Slava Ukraini: Dyre Returns

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It has been a few weeks since the original discovery of the Dyre malware, and the attackers have sent another wave of phishing. This time, the phishing campaign only went to one senior level individual within our enterprise.

Here’s a screenshot of the phish:

Figure 1 – Phishing Email

In the last few campaigns, the attackers made it difficult to access their Google Analytics page. However, the attackers slipped up this time, making it possible to uncover how many potential victims have fallen for the link. This gives us further insight into the geographical location they may be targeting as well.

Figure 2 – 109 Potential Victims

We can also see the country and browser that the individuals are using.

Figure 3 – Browser and Country Distribution

Once the zip file containing a screensaver file is downloaded and executed, several files are downloaded. The detection rate for the malware is very low, and starts out with the Upatre dropper with 12 out of 53 (at time of writing) AV vendors detecting the threat.

Another file, flagged as kegotip by the VirusTotal community, has an even lower detection ratio of 11 out of 54 AV vendors

Figure 4 – VirusTotal analysis of kegotip sample

And for our third piece of malware, Dyre joins the show! At the time of this writing, this is only picked up by 10 of 54 AV vendors.

Figure 5 – Dyre malware

Based off the network data in Figure 6, we can further confirm this is Dyre, as it matches the network traffic from our previous analysis.

Figure 6 – Dyre malware traffic

While googleupdaterr.exe is quick to exit, if you’re quicker, it is possible to obtain a memory dump via process explorer. (Author note: Volatility works too, but for brevity, I prefer process explorer approach). In the previous variant of Dyre, we saw the string “C:CPP_PROJECTS_GITDYREx64Releaseiebattle.pdb” as the project path. Performing strings on the memory dump does not show this existing.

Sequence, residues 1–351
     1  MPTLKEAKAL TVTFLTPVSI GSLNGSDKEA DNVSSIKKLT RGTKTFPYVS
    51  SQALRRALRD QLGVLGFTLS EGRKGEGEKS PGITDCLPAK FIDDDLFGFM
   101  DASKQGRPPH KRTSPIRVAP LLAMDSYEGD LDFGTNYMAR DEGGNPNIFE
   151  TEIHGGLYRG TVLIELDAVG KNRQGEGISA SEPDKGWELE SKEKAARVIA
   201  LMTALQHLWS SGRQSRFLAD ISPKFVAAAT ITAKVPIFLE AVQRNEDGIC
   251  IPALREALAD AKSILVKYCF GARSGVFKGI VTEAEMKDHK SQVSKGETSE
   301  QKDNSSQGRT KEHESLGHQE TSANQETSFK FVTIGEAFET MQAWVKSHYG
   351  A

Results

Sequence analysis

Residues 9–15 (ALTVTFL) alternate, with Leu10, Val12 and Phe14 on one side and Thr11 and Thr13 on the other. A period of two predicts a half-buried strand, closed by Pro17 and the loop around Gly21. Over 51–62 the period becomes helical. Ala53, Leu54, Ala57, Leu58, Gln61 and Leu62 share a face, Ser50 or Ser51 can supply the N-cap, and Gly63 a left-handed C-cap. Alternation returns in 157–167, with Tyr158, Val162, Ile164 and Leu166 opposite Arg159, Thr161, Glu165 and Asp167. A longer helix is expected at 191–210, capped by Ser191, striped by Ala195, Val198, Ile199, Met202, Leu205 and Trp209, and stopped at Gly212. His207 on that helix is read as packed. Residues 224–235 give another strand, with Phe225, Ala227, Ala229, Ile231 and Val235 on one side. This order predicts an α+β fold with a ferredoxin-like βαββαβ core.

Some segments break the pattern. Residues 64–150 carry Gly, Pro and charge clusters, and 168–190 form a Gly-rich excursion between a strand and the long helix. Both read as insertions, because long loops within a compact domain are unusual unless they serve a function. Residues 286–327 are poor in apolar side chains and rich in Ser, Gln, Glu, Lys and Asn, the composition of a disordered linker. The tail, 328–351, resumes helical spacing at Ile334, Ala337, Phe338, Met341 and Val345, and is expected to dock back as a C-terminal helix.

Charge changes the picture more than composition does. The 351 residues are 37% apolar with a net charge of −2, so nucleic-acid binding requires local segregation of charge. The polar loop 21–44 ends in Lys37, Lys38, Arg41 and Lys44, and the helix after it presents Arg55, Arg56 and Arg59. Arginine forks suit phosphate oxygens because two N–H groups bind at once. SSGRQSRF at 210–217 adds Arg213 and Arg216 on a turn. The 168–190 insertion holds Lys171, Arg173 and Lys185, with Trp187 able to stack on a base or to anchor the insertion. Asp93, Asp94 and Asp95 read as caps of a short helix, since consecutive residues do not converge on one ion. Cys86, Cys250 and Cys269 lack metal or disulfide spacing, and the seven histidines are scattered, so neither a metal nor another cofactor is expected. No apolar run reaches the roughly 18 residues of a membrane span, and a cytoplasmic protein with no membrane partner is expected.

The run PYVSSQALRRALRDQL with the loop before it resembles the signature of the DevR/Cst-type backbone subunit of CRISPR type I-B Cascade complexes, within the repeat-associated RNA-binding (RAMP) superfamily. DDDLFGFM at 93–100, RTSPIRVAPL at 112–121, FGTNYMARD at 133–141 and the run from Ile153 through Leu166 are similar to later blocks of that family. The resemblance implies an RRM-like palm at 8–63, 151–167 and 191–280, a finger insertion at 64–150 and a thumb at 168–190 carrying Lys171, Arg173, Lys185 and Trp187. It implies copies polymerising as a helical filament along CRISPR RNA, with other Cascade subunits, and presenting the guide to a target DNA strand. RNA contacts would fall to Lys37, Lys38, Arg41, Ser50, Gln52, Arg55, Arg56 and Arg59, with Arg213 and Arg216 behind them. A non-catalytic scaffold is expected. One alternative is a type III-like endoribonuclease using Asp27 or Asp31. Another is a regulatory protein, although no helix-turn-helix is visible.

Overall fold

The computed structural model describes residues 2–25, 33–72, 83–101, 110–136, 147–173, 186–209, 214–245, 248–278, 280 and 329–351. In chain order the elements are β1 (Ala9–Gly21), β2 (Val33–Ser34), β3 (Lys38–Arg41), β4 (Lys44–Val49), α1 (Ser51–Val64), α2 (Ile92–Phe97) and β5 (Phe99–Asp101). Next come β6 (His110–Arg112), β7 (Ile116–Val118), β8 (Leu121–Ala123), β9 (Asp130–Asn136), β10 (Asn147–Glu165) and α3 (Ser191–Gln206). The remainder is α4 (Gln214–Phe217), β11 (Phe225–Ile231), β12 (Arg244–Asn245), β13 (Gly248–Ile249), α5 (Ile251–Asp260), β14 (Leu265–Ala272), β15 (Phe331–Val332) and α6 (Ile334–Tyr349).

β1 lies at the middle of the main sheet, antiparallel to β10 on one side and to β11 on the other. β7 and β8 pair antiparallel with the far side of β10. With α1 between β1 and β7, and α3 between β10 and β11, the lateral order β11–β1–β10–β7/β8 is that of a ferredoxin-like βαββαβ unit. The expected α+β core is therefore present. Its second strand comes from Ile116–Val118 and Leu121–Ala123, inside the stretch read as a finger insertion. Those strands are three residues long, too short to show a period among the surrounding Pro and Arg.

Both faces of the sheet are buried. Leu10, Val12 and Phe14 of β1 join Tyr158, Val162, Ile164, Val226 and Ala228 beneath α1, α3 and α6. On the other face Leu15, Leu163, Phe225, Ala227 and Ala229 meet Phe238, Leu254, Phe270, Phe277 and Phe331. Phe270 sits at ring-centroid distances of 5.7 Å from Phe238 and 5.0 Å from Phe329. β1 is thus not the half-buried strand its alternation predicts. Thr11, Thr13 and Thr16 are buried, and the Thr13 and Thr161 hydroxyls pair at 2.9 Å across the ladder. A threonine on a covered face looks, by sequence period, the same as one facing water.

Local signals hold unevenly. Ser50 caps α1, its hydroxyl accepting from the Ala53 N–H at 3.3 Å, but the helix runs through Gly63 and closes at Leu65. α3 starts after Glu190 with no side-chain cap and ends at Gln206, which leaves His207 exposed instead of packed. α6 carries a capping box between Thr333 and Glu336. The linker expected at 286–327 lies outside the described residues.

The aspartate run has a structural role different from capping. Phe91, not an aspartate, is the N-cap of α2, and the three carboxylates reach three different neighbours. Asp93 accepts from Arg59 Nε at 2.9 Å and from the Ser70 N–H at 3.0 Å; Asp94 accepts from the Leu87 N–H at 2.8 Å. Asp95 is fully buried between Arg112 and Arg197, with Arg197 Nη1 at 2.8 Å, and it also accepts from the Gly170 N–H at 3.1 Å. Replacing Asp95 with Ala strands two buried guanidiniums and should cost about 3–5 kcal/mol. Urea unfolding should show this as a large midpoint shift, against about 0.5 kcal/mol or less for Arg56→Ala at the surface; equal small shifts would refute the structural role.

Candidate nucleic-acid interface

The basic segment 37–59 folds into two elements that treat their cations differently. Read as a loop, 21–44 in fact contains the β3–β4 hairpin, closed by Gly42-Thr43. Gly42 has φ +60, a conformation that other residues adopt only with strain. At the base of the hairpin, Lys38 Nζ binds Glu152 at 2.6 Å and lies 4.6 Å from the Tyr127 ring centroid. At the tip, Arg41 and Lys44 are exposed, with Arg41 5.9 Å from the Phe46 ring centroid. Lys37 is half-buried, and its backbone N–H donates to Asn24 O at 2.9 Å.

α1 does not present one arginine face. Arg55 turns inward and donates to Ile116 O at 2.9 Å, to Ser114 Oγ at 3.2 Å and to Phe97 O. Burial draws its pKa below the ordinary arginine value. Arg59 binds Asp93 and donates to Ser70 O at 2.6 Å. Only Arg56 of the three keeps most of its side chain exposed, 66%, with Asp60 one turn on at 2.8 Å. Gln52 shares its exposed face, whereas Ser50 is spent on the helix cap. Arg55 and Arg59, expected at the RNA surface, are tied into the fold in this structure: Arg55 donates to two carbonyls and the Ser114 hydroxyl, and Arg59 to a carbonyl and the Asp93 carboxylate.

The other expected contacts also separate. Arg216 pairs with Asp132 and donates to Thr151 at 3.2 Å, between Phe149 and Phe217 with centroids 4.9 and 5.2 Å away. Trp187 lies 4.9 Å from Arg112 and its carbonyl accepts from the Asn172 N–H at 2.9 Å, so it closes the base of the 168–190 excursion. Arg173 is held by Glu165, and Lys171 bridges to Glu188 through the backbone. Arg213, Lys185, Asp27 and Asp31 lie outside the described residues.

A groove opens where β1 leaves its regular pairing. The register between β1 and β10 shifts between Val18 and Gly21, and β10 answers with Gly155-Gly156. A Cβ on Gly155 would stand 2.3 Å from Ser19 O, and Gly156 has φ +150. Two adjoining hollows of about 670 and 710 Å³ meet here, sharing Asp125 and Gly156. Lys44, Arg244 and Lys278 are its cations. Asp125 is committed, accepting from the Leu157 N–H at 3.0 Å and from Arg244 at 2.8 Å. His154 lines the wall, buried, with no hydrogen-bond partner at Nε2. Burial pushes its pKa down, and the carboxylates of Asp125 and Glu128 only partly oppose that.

However, by grepping for “DYRE”, I believe the attackers have left us the message of “I’m DYRE”. By looking before and after this string, the following phrase of “Slava Ukraini!” is there as well, which translates to “Glory to the Ukraine!”

Figure 7 – Hidden message in Dyre malware

By looking at the capitalization of the phrases, we can come up with many possible theories, but won’t truly know unless the author leaves us more clues. “I’m DYRE!” may show that the attacker is referred to as Dyre or wants the malware referred to as that, or it could be slang, such as rouji (肉鸡), that is common among attackers.

“Glory to Ukraine!” seems to have a deeper meaning to the malware author. This phrase is common in the Ukraine, and has even been referred to as the unofficial motto. Jared Leto also shouted “Glory to Ukraine” during a concert in Kiev, supporting the independence movement.

How to find this in your enterprise

Here are a few tips for finding this malware and preventing further infections:

  • Look for zip files being downloaded that contain executables and screen savers.
  • Search for email artifacts from figure 1 to help identify this one and variants.
  • Kimberly at StopMalvertising has put together a very deep analysis of Dyre, as well as the new changes in the malware. (removal of compilation artifacts)

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